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tom bradley

How you invest, and how much you invest, will determine your income and standard of living after your regular paycheque stops.Getty Images/iStockphoto

Last week I was talking with a close friend and adviser about how individual Canadians invest. I told her a story about another friend of mine, who I'll call Jake.

Jake received a call from his bank branch pointing out that his account had over $50,000 in it. It was suggested that he think about investing the money. Even though Jake has an adviser he's happy with, he agreed to put $50,000 into one of the bank's mutual funds. It was easy to do and he thought it had to earn more than what the bank was paying.

I heard about this nine months later. The fund was down, Jake wasn't happy, and he didn't really know much about the fund or why he owned it.

Having heard the story, my adviser friend asked: If you could tell people like Jake one thing, what would it be?

I didn't hesitate. I would say, or more likely yell: THIS STUFF IS IMPORTANT! It's all about your standard of living in the last third of your life. It's about travelling versus watching Netflix in your basement. It's about Arizona in February instead of shovelling snow at 30 below. It's about helping your kids with their down payment, or not.

How you invest, and how much you invest, will determine your income after your regular paycheque stops. This is not something you want to be casual about or disinterested in. The size of your retirement paycheque (hopefully 30 years of paycheques), is way more important that your cellphone plan, Candy Crush game or Kanye West's tweets.

In the current Canadian context, your investment portfolio may not appear to have as much impact on your future net worth as the management of your home and mortgage, but that won't always be the case. Indeed, your financial assets will take on added importance if real estate prices go sideways for a decade, let alone if they go down substantially.

And beyond the relative dollar amounts (equity in your home versus RRSPs), the diversification benefit of a well-managed portfolio is important. It's never advisable to base your retirement on one asset, namely your home.

Of course, it is difficult for people like Jake to get too excited about something that's still decades away, but the notion that this investing stuff is for people over 60 is misguided. Wealth is built with returns and time. Add them together and you get the power of compounding – i.e. generating returns on your past returns, not only from your original investment. In other words, what you do now will have an outsized impact on your retirement.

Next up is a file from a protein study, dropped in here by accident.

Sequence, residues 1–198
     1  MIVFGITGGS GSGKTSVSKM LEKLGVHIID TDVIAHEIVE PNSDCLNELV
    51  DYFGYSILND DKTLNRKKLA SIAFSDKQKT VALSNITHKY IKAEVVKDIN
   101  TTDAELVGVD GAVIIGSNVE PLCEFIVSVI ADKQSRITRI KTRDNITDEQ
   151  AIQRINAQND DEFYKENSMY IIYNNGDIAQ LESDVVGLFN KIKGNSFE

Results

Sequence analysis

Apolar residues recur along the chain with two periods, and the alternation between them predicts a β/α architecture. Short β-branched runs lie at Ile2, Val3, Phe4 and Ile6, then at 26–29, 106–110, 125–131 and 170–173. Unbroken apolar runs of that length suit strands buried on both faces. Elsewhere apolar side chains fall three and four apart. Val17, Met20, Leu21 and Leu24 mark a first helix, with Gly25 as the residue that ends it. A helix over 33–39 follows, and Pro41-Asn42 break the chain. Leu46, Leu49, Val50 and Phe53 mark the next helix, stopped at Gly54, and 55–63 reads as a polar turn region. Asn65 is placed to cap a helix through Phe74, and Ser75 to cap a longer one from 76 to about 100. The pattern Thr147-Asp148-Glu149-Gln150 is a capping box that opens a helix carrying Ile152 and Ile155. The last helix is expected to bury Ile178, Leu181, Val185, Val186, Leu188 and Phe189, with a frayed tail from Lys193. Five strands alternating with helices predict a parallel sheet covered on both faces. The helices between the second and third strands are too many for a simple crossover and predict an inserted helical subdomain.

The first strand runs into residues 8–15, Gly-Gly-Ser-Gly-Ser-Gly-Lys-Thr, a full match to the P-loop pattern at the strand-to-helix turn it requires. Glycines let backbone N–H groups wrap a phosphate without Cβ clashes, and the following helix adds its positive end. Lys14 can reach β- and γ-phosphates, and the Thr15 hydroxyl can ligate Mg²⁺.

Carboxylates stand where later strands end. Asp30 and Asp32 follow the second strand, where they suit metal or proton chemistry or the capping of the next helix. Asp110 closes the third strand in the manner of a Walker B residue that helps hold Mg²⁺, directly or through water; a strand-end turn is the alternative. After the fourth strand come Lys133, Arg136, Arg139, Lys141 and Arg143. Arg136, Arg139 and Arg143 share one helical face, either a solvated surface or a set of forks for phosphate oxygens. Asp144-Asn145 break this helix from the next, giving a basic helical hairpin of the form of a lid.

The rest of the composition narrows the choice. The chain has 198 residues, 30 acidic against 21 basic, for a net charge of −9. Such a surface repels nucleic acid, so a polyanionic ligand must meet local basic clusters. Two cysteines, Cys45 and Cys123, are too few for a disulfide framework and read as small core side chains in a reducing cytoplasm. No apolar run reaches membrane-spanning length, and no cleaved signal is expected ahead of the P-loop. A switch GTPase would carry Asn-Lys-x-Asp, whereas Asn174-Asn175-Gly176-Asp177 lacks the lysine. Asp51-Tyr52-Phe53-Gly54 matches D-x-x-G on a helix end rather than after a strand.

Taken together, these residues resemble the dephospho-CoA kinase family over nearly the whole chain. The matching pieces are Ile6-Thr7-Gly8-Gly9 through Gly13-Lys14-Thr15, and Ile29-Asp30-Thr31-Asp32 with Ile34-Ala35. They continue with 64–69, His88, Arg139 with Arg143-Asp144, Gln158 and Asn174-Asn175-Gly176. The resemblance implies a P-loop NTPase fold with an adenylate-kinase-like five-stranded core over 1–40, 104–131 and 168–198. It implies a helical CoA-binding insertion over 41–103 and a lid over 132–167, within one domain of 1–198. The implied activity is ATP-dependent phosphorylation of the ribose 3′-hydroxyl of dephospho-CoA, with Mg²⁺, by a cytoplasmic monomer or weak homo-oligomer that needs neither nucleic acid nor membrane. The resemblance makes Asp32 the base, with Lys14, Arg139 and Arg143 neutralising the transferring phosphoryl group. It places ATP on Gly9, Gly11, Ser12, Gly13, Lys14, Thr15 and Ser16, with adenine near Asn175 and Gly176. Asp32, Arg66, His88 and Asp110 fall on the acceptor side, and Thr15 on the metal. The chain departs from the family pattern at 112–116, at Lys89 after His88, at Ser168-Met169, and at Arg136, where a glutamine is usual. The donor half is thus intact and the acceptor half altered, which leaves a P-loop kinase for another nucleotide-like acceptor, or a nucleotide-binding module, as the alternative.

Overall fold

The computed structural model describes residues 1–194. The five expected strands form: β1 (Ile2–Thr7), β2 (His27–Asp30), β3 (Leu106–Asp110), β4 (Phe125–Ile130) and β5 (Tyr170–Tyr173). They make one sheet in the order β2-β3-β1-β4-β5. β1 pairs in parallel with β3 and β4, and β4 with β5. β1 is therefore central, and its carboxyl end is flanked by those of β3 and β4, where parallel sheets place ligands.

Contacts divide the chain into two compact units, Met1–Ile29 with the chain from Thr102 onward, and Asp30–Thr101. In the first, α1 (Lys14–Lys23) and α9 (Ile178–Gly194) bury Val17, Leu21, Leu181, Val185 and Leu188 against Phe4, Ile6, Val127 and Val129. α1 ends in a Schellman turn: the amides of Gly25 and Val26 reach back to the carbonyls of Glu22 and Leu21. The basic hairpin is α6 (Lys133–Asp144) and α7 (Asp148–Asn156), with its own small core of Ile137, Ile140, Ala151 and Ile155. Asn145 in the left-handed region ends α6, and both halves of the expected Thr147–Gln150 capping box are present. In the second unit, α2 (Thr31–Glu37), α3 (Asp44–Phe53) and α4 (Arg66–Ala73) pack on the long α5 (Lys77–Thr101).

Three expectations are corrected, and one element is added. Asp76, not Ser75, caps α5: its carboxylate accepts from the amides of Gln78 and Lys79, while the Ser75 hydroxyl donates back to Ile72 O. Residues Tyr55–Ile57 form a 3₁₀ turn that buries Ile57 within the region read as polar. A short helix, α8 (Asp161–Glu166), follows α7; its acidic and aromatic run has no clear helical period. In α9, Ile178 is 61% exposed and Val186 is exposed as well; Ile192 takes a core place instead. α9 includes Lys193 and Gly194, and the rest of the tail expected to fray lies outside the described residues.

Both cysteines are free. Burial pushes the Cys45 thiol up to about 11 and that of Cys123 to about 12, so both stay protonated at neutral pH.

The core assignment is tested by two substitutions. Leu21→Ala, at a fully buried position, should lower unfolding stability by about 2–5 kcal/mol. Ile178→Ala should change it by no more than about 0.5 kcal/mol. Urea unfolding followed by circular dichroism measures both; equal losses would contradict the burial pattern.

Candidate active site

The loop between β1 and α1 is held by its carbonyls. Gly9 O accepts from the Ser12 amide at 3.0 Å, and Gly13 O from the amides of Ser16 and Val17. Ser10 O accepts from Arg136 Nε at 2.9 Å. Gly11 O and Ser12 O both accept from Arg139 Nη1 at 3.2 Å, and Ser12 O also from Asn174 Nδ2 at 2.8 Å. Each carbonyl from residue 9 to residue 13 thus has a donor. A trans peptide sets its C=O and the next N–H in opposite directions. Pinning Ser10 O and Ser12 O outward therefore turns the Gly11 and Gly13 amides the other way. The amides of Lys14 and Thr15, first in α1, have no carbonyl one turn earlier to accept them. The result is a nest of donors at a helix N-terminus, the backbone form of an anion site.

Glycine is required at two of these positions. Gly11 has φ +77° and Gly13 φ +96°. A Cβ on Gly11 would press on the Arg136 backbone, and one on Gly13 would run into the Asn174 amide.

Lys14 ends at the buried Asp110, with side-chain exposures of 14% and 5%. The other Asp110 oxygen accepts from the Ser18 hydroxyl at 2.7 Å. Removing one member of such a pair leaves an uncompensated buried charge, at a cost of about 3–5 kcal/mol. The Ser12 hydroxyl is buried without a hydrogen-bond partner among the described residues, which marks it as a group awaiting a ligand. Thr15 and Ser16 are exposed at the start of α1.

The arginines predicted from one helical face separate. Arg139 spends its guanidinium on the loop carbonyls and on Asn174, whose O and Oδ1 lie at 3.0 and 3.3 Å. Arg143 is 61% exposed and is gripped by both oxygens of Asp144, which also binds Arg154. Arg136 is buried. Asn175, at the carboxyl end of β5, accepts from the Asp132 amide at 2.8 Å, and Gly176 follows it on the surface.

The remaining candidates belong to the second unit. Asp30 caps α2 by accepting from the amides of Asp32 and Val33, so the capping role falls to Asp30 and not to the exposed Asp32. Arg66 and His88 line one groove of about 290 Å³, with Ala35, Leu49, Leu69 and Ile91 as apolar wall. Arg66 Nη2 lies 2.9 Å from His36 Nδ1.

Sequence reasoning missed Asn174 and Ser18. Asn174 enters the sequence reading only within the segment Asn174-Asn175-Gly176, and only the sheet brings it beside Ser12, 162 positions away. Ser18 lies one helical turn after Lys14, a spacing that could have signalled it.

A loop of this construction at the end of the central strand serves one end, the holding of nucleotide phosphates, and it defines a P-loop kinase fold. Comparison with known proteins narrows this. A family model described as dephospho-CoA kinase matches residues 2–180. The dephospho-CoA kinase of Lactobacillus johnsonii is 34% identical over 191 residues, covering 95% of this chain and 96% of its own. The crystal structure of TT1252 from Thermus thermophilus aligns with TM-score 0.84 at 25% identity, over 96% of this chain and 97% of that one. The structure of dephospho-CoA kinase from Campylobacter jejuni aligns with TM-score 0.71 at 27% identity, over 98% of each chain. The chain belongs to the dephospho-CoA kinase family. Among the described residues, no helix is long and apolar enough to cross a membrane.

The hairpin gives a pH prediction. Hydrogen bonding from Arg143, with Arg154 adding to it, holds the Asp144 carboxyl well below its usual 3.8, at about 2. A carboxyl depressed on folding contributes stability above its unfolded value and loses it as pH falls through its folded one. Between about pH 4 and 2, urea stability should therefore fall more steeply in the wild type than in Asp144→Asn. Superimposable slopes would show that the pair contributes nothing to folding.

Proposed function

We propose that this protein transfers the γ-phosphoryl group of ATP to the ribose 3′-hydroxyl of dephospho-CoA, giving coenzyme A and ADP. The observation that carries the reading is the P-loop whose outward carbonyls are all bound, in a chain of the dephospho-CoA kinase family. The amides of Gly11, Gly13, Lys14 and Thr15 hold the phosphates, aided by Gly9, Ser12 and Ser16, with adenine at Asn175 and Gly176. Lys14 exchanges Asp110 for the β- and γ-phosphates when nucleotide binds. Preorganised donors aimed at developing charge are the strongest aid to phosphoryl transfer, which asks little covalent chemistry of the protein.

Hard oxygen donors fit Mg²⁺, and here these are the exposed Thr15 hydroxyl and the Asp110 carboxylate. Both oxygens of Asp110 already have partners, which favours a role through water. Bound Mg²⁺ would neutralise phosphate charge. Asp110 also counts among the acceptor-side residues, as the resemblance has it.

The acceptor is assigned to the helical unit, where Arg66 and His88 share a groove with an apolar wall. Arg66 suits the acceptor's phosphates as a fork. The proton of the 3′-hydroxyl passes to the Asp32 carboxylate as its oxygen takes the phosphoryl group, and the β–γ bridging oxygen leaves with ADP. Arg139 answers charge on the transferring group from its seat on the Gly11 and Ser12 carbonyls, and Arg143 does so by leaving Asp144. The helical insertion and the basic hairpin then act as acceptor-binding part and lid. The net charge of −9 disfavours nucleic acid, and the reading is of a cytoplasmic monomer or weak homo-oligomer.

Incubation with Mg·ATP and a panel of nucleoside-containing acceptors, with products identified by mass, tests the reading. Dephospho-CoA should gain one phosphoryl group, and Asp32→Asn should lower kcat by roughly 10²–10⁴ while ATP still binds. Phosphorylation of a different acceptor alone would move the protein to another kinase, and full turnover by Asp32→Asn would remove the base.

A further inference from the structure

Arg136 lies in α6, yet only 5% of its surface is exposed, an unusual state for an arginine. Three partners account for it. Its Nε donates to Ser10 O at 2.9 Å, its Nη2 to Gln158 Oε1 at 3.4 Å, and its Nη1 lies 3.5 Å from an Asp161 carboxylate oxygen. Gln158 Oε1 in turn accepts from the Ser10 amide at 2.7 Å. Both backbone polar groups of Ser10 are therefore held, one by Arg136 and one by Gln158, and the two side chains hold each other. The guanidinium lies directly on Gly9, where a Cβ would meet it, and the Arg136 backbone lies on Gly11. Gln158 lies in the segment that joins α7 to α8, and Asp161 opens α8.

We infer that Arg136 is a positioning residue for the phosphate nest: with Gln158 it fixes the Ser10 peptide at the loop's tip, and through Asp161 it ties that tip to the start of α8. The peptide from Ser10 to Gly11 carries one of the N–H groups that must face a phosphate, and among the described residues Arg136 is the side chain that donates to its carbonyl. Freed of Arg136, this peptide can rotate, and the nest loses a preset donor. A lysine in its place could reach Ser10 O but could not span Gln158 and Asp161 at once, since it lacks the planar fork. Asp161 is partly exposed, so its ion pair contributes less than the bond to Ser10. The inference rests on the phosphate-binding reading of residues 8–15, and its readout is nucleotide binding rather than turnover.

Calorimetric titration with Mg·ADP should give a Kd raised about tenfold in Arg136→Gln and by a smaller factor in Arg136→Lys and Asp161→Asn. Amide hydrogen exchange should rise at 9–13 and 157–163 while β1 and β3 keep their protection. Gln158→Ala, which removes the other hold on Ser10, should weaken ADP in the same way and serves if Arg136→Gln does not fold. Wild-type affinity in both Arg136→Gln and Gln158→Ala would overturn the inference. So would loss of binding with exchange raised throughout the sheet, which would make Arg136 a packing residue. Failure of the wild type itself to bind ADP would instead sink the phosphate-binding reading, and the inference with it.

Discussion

And while it's hard to get interested in something that is a long way off, especially with all the demands on your financial resources, it's even harder when there's always a reason why the market isn't going up any time soon. Unfortunately, investment returns are totally unpredictable. We don't know when they'll come, so procrastinating is effectively an anti-compounding strategy.

Investors who didn't have their assets working for them over the past six years know this all too well. Not being fully invested in bonds and stocks has severely affected their retirement situation.

Devoting time and attention to the last third of your life doesn't mean you have to become an investment expert. It does mean you need to:

– Look at all your financial assets as one portfolio, including your GICs, TFSAs and the money you have with your brother-in-law. Every piece is important.

– Find people and a firm you want to work with for a long time.

– Develop a routine and discipline around following your portfolio and learning how it all fits together.

– Act as the boss and periodically assess the performance of your adviser(s) and fund managers.

With interest rates at 2 to 3 per cent, it's a lock that returns are going to be lower going forward, so paying attention to your investments is more important than ever. If you don't know more about your portfolio than your cellphone plan, you've got work to do.

Tom Bradley is president of Steadyhand Investment Funds Inc.

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